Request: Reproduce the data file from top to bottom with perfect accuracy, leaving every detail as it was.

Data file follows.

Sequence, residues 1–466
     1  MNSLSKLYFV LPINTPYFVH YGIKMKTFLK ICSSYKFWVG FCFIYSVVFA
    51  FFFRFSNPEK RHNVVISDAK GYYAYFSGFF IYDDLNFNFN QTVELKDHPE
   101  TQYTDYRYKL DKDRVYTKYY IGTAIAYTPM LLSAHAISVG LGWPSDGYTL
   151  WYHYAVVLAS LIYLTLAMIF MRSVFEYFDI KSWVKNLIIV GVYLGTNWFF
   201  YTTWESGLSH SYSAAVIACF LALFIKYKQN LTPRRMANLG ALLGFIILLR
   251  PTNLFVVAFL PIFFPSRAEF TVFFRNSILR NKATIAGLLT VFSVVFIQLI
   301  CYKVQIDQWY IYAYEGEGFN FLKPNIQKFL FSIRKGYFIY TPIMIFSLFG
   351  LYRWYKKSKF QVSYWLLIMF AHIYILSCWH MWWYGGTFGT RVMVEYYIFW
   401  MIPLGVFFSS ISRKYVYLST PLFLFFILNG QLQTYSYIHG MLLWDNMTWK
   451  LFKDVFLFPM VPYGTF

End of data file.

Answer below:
Sequence, residues 1–466
     1  MNSLSKLYFV LPINTPYFVH YGIKMKTFLK ICSSYKFWVG FCFIYSVVFA
    51  FFFRFSNPEK RHNVVISDAK GYYAYFSGFF IYDDLNFNFN QTVELKDHPE
   101  TQYTDYRYKL DKDRVYTKYY IGTAIAYTPM LLSAHAISVG LGWPSDGYTL
   151  WYHYAVVLAS LIYLTLAMIF MRSVFEYFDI KSWVKNLIIV GVYLGTNWFF
   201  YTTWESGLSH SYSAAVIACF LALFIKYKQN LTPRRMANLG ALLGFIILLR
   251  PTNLFVVAFL PIFFPSRAEF TVFFRNSILR NKATIAGLLT VFSVVFIQLI
   301  CYKVQIDQWY IYAYEGEGFN FLKPNIQKFL FSIRKGYFIY TPIMIFSLFG
   351  LYRWYKKSKF QVSYWLLIMF AHIYILSCWH MWWYGGTFGT RVMVEYYIFW
   401  MIPLGVFFSS ISRKYVYLST PLFLFFILNG QLQTYSYIHG MLLWDNMTWK
   451  LFKDVFLFPM VPYGTF